- Aim of this page
- Why is this important?
- The ADI Registrar – its role and powers
- Responsibilities of an Approved Driving Instructor (ADI)
- The ‘fit and proper’ criteria
- Disclosing your criminal record
- Factors taken into account by the Driver and Vehicle Standards Agency
- What are the chances of your application being successful?
- Appealing a driving instructor registration decision
- Discuss this with others
- Useful links
- More information
- Get involved
Aim of this page
There are approximately 40,000 driving instructors in the UK and every year there are around 1.5 million attempts at the driving test. At any one time there can be more pupils looking for lessons than there are instructors who can take them on, making this a popular career choice.
The aim of this page is to set out how a criminal record may affect your chances of becoming a driving instructor.
This is part of our information on looking for (and keeping) employment and volunteering.
Why is this important?
To legally charge somebody for driving instruction in a car you must either:-
- Be on the Approved Driving Instructor (ADI) Register
- Have a trainee’s licence to give instruction by the ADI Registrar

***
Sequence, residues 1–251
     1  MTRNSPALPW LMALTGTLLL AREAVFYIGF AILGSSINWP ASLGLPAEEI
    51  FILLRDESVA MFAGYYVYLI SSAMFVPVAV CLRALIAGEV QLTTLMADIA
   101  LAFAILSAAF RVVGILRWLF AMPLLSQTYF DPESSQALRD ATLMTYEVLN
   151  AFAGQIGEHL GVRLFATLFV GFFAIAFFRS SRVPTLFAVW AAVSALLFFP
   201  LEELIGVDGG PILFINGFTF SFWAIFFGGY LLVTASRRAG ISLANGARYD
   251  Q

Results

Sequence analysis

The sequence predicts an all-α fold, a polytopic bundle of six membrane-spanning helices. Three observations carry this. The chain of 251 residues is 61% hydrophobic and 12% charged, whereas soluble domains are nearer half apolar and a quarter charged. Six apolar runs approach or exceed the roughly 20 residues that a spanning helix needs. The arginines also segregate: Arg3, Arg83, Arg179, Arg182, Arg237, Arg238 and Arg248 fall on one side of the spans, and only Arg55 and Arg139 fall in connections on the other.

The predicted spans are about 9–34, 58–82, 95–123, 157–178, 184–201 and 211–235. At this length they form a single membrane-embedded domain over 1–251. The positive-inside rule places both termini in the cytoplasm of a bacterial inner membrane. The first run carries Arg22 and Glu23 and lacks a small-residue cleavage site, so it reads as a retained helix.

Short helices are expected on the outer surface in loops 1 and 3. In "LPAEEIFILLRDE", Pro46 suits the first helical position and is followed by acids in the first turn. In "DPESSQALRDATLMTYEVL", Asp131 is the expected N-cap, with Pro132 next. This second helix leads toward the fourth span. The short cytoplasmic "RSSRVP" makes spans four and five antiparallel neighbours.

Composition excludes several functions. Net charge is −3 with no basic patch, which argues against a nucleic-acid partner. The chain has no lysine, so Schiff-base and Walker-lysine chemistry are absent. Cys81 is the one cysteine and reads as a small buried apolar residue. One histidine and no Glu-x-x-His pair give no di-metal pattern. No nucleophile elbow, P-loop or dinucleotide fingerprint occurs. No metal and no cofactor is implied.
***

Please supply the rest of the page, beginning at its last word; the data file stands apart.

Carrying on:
You’ll need to meet the ‘fit and proper’ person criteria to become approved or get a trainee’s licence and it’s important therefore to understand how your criminal record may affect your chances of successfully getting onto the ADI Register.
ADI Registrar: Its role and powers
The ADI Registrar is responsible for the Driving and Vehicle Standards Agency’s ADI Register and can:-
- Refuse to let you join or stay on the register if you don’t meet the registration rules
- Remove you from the register in certain circumstances
- Refuse readmission to you if you were previously removed for any of the above reasons
Responsibilities of an Approved Driving Instructor (ADI)
As an ADI, you will be responsible for your own safety, that of your pupil and other road users.
You will be expected to show:-
- A high regard for all aspects of road safety
- A high standard of driving and instructional ability
- A professional approach to your customers
- A responsible attitude to your pupils and profession
- That you’re a ‘fit and proper’ person
The ‘fit and proper’ criteria
When deciding if you’re a ‘fit and proper’ person, the Driver and Vehicle Standards Agency (DVSA) will check to see if you have:-
- Had any motoring or non-motoring cautions or convictions
- Any penalty points on your licence
- Been disqualified from driving
- Been banned or barred from working with children under 18 years of age
- Any court proceedings pending against you
Disclosing your criminal record
The DVSA will ask you to provide a copy of your enhanced Disclosure and Barring Service certificate at the time of applying to become an ADI.
They will carry out an initial risk assessment and may seek further representations from you. These will be assessed and a recommendation made to the Registrar.
Factors taken into account by the DVSA